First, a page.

Teeth whitening is rising in its popularity and so discussion about its safety is warranted.
Each product makes different claims about the results they can achieve. So, let’s examine the main types of teeth whitening products currently available and how safe each one is: over-the-counter whitening products, take-home whitening kits and in-chair whitening.
- Whitening toothpastes are available at supermarkets and pharmacies and are typically more expensive than regular ones. In most cases, these can help to slow down the effects of staining, but their ability to change the shade of your teeth is debatable. The results are generally not as predictable or uniform as the two methods discussed below and as a result they can deliver a less natural looking whiteness. The minimal colour change that these products can produce can also mean that people can over use them. This continual application can damage the tooth’s enamel, particularly when using more abrasive whitening toothpastes. However, these over-the counter whitening solutions remain the most affordable methods.
- Take-home whitening kits provided by dentists involves wearing custom-made bleach trays or guards that you place small dollops of bleaching agents into for each use. The most common ingredient in these products is hydrogen peroxide or carbonate peroxide. These kits contain a low-concentration peroxide agent which means you are able to use them at home once approved by a dentist. This low-concentration means you will require more instances of treatments in order to achieve the same whitening result as a highly concentrated gel solution, but this does not make this treatment option any less safe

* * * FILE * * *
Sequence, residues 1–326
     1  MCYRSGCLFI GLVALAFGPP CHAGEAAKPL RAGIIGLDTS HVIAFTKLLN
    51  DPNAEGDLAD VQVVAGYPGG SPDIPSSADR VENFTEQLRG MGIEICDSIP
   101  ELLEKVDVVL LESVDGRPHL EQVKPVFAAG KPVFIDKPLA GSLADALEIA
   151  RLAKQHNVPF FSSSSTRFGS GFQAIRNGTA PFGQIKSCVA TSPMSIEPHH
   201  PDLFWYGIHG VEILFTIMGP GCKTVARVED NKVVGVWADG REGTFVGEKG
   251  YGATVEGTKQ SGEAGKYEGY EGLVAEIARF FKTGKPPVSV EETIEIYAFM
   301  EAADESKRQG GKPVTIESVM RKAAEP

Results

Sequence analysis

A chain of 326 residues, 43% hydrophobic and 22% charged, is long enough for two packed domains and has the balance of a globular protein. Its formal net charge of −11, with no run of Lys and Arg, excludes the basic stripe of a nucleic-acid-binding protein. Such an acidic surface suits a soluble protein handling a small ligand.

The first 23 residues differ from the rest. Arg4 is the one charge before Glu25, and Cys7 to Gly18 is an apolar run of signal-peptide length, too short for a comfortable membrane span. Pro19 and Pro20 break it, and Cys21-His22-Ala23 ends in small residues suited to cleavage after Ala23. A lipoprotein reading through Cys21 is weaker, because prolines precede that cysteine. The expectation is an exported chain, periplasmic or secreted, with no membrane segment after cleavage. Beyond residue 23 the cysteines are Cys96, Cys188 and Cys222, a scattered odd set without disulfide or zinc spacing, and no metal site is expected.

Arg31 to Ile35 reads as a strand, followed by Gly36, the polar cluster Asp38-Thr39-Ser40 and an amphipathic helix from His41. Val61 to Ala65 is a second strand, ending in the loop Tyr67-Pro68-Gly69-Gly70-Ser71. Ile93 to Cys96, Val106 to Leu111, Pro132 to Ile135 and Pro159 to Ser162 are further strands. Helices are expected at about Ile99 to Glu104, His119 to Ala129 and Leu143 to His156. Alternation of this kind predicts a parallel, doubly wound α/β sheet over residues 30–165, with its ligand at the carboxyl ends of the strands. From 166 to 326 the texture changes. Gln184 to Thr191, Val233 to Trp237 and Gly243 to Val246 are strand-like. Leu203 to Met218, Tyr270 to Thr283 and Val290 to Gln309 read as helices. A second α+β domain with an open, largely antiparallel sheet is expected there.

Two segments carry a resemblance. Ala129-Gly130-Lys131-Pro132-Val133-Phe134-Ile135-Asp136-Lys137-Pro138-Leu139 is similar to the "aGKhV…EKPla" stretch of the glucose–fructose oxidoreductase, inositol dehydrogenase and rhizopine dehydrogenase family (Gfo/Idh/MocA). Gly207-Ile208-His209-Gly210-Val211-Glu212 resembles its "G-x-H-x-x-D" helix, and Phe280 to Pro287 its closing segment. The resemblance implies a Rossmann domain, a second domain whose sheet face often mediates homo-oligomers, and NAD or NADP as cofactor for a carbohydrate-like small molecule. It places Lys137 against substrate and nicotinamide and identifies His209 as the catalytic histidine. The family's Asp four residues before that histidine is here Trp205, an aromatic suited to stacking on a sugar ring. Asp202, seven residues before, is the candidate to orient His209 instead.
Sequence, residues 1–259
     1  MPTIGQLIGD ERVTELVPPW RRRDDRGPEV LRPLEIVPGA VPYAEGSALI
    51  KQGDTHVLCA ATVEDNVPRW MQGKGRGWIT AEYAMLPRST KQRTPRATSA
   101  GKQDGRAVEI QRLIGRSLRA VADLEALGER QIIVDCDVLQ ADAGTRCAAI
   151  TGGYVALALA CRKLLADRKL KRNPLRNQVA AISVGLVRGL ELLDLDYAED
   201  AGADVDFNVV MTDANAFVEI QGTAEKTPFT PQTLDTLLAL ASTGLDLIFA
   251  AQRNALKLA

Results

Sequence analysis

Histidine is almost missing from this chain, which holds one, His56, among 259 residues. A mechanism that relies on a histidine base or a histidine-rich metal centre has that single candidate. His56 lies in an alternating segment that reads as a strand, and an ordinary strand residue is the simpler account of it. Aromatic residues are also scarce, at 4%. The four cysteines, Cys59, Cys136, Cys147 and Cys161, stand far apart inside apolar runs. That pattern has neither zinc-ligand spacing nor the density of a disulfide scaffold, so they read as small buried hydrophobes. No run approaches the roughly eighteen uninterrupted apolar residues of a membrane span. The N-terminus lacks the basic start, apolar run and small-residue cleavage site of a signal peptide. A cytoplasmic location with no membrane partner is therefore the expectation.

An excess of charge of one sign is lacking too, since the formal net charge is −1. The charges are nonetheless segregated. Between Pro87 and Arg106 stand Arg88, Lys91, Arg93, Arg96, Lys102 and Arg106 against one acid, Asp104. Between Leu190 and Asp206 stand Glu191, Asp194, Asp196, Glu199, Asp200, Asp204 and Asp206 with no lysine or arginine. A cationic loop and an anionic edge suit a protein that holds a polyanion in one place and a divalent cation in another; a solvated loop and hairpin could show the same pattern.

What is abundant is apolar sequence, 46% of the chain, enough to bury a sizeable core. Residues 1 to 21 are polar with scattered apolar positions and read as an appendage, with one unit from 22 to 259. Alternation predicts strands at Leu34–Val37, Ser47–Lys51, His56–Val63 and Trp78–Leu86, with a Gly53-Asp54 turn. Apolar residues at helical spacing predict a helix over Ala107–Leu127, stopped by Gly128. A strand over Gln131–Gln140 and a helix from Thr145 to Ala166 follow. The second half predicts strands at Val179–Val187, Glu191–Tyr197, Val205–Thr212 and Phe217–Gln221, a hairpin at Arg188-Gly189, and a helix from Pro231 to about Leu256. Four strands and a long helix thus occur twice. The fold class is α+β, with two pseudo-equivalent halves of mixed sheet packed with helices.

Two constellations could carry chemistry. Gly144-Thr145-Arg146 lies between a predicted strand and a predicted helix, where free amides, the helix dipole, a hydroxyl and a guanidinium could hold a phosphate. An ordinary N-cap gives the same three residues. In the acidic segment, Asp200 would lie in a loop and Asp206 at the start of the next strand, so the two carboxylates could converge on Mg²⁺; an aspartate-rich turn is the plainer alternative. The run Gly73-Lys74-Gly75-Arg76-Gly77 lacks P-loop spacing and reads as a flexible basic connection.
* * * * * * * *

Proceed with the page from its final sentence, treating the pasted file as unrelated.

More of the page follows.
- In-chair tooth whitening is the best solution if you want instant teeth whitening. This involves the dentist coating your teeth with hydrogen peroxide gel and then shining a high-intensity light source over the top to enhance the whitening process. Hydrogen peroxide is the primary active ingredient responsible for the lightening and whitening effect. This professionally applied gel contains a higher hydrogen peroxide concentration than the take-home bleaching agent – from 25% to 40%. Dentists are the only professionals authorised to handle gels solutions with the higher hydrogen peroxide concentrations (such as Zoom!TM in-chair teeth whitening). As licensed healthcare practitioners, dentists are required to follow stringent safety protocols, including employing gum and lip shields when applying the gels so that the soft tissues in your mouth are protected from burns caused by the highly concentrated gel solution. This strict adherence to safety requirements is what makes teeth whitening in a dental surgery, particularly as opposed to in any other business, the safest option.